Updated: October 9, 2021 9:15:45 am
Too often, in recent times, there has been a tendency among the powers that be in many countries to confuse order for peace, harmony for freedom. Proto-authoritarian governments have a tendency to attack those that ask questions of them: Sometimes, they literally shoot the messenger. In this context, the decision of the Nobel committee to award the peace prize to Maria Ressa and Dmitry Muratov “for their efforts to safeguard the freedom of expression, which is a precondition for safeguarding democracy and peace”, is an acknowledgement of the challenges of, and threats to, journalism today.
Ressa and Muratov have spoken truth to power, and shone a light in areas that their governments would rather leave shrouded in opacity. In 2012, Ressa founded Rappler, a digital media company that has focused on investigative stories on the severe rights violations and killings by the Rodrigo Duterte regime in the Philippines. Muratov has been a free speech campaigner in Russia for decades. He is editor-in-chief of Novaya Gazeta, one of the few national newspapers that has extensively reported on government corruption and state over-reach under Vladimir Putin.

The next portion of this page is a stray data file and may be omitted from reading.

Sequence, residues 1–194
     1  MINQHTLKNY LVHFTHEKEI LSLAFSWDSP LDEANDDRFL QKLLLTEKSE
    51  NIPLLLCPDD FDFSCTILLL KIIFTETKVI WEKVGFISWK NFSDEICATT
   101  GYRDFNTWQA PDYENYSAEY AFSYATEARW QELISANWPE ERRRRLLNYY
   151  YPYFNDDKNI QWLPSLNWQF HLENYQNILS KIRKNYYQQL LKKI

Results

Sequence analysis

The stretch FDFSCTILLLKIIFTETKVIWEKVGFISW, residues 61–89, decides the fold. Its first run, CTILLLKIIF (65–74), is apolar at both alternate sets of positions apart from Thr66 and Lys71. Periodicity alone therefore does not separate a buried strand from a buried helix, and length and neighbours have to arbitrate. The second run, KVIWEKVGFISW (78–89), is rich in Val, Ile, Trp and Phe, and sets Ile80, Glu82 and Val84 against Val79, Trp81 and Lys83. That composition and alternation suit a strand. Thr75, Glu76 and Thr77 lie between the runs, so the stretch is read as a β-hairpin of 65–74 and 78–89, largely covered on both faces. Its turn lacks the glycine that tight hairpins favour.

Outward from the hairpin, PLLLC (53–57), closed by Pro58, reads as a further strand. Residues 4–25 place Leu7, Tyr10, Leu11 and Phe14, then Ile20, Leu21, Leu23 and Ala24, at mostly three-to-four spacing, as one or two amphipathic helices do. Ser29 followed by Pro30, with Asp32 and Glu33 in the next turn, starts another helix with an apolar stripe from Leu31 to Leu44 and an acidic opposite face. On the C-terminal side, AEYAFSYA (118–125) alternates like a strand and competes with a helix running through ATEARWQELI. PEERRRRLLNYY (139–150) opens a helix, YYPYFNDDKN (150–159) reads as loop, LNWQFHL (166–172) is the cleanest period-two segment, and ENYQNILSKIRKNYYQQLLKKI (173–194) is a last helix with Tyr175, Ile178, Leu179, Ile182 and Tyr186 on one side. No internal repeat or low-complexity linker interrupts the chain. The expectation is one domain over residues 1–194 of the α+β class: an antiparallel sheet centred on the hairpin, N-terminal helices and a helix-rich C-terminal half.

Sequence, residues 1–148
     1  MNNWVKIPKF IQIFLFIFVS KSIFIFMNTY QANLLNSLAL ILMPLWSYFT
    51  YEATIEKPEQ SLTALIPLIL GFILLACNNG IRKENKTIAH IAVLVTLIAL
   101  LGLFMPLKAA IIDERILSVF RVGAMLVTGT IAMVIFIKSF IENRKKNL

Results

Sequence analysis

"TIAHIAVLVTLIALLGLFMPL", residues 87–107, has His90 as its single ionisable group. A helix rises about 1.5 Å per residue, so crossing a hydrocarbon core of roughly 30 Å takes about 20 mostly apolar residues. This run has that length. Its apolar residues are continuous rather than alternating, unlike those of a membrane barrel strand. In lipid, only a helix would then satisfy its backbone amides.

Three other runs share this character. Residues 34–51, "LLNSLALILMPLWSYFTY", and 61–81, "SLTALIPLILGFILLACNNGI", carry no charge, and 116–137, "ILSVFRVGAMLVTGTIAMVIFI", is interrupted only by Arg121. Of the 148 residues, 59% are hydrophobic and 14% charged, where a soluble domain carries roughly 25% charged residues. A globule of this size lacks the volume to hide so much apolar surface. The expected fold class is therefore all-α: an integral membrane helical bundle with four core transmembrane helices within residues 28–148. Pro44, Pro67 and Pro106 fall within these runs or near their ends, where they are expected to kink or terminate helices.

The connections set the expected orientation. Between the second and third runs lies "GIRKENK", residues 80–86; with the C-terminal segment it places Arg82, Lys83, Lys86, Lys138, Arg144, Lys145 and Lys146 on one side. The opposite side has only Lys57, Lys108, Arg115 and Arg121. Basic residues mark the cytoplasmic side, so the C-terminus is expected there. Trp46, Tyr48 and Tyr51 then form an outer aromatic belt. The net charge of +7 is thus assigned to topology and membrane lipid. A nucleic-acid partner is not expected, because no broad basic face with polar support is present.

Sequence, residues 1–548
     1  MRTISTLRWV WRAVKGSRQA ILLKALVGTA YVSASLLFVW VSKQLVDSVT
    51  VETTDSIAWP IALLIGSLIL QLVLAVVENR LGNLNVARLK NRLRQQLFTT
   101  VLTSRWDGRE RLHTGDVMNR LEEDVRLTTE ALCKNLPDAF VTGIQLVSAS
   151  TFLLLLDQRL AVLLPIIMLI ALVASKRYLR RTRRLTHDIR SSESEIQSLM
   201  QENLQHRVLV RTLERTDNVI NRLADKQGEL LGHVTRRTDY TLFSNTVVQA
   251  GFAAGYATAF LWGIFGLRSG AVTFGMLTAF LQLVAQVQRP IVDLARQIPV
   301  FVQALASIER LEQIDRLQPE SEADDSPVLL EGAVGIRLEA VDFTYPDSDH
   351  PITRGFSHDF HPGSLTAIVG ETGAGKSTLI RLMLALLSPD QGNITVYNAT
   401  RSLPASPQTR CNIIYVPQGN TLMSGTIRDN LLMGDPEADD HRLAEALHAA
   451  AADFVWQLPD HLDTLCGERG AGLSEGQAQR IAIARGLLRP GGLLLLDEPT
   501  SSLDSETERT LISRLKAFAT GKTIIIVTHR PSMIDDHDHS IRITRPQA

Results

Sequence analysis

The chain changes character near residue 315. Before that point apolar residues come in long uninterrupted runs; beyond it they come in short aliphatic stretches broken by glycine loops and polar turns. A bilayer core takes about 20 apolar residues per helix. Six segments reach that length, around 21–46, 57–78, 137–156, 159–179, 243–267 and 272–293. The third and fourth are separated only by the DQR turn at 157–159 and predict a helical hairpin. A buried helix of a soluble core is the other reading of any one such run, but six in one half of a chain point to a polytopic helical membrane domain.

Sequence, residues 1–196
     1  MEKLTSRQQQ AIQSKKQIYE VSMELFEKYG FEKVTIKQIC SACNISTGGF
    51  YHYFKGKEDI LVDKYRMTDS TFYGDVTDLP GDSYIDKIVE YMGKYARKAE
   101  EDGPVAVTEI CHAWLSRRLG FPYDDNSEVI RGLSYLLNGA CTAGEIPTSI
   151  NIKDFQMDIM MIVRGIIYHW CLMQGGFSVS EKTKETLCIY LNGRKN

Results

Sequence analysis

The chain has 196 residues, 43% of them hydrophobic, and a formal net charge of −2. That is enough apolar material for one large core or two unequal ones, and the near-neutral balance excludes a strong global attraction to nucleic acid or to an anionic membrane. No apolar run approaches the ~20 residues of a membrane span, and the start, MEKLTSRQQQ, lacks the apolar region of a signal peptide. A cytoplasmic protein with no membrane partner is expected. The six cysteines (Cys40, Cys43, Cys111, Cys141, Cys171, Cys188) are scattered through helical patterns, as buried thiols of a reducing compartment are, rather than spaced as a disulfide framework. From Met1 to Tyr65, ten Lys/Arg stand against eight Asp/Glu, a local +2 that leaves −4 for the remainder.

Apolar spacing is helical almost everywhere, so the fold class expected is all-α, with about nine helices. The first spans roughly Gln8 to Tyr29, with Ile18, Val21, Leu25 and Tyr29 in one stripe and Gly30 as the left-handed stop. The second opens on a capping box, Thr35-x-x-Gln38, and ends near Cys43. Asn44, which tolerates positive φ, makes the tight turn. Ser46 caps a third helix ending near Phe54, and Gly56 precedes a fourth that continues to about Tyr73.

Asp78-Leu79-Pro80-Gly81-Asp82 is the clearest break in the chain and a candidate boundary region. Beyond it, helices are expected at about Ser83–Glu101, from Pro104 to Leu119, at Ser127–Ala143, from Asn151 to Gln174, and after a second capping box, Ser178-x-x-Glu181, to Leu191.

Journalism has been an embattled profession for some years now. Even in democracies, those asking questions — doing their job — are routinely targeted and villainised. That the Nobel Prize for peace has recognised the importance of the Fourth Estate in protecting democracy, and holding governments to account for the rule of law, is welcome and encouraging. Yet, the accolade is bittersweet. Telling truth to power, and making sure the voices of the powerless are heard, is a profession and a vocation that should be a normal and routinised part of every society. That doing the job is now, in large parts of the world, something that requires courage; that it is a battle for peace and justice that also invites a prize, is poignant.
This editorial first appeared in the print edition on October 9, 2021 under the title ‘Bittersweet prize’.
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